Beagles are extraordinary sniffers and are easily distracted by most smells. This often causes them to wander away, paying no attention to you. For this reason it’s important to always keep your dog on a leash until such time you’ve trained it to respond to your every command, especially “come.” It’s important that your dog comes to you every time you call it. To assist in your puppy learning this, reward it with tasty treats when it obeys your commands.

As sniffing nearly everything in sight is a Beagle’s favorite pastime, you’ll notice that your dog doesn’t pay much attention to you when you’re out on walks. To change this behavior and make it more attentive to your commands, teach the dog to focus on your commands by giving it a treat when you call its name and it responds by coming to you without hesitation.

Keep the dog’s leash loose, even while it’s sniffing around. If the leash gets tight it means the dog is not paying attention to you, and the best thing you can do is just to stop cold in your tracks and wait for the dog to understand who’s in charge of the walk. You can also walk away from whatever is distracting the dog until the leash once again is loose. This will help the dog learn that it only gets to enjoy a walk when the leash is loose.

Beagles can be downright stubborn so it’s important to teach them who’s in command at all times. What’s interesting about this requirement is that you’ll have to be more stubborn than your Beagle during the training period.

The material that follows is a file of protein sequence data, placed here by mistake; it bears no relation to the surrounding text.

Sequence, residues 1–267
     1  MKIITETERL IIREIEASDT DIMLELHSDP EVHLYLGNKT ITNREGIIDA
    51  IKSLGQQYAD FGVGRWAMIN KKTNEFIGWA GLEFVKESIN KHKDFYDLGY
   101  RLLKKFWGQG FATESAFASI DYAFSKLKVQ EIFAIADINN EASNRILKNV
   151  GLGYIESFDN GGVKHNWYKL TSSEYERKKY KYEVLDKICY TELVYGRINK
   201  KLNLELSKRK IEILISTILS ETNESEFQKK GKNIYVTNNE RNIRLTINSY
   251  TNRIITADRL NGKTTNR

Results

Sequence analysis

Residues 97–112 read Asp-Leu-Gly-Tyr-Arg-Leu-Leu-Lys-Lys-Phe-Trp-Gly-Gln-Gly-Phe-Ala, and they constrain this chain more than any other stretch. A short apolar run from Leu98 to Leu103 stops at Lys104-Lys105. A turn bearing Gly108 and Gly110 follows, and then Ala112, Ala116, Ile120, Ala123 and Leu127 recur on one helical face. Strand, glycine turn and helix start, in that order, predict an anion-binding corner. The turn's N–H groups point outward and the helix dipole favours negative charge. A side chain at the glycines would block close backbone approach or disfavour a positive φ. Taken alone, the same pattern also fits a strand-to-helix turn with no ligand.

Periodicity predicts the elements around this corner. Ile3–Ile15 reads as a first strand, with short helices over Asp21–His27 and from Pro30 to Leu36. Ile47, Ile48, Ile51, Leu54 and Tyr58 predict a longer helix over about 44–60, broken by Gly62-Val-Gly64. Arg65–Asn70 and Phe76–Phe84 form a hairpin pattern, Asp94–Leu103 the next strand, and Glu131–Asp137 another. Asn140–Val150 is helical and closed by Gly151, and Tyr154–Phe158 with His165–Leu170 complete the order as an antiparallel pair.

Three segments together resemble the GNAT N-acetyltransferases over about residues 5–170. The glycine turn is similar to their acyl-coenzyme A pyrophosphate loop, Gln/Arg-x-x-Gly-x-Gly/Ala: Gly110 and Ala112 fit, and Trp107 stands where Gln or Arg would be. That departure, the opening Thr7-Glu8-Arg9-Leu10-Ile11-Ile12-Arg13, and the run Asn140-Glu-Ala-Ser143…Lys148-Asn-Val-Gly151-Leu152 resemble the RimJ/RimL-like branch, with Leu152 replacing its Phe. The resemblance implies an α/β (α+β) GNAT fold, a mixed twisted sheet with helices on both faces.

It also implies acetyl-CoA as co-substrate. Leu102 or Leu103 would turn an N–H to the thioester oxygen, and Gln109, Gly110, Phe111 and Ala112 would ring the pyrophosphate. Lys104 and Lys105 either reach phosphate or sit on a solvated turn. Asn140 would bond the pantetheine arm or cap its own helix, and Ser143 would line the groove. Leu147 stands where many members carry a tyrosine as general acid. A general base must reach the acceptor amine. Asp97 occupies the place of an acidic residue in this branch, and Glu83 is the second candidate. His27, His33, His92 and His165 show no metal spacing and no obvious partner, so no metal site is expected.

A Dog’s Lifespan

Monday, April 14th, 2014

A dog’s lifespan varies widely by the type of breed, and also its size. All dog breeds belong to the same species, evolved from the wolf, yet they age at very different rates and no one understands why there is such a variance. Some dog breeds live to be 16 to 20 years old, whereas breeds like the Irish Wolfhound have a life expectancy of only 6 to 8 years.


If you’re considering adopting an adult dog or a puppy, and you’re concerned about the dog’s lifespan, the best advice is – think small.

Around 40% of small breed dogs live longer than 10 years. In contrast, only 13% of giant breed dogs will live that long. The average 50-pound dog has a lifespan of 10 to 12 years, while a giant breed like the Great Dane is considered senior or elderly at 6 to 8 years of age. Dogs that weigh less than 30 pounds live the longest.

In a study involving more than 700 dogs and 77 different breeds, researchers found that a dog’s weight and size are the chief determining factors in a dog’s lifespan. It’s not unusual for a miniature poodle to live for 16 or 17 years, while a 12-year-old Labrador Retriever is considered an old dog. Giant breeds that weigh more than 100 pounds are considered geriatric when they reach 6 to 7 years of age.

A good rule of thumb is the larger the dog, the fewer years it will live. If you want a dog that will live for a long time you may want to consider adopting a mixed breed rather than a purebred, which on the whole usually have shorter lifespans than most mixed breeds.

When deciding between a male or female dog, remember that females tend to live a little longer than males, mimicking the human condition in this respect.

If you’re considering a purebred dog, it’s a good idea to research the types of ailments and diseases specific to the breed before deciding. Many large-breed dogs like Golden Retrievers, German Shepherds and Doberman Pinschers will develop hip dysplasia and the condition can become so serious that the dog will have to be euthanized.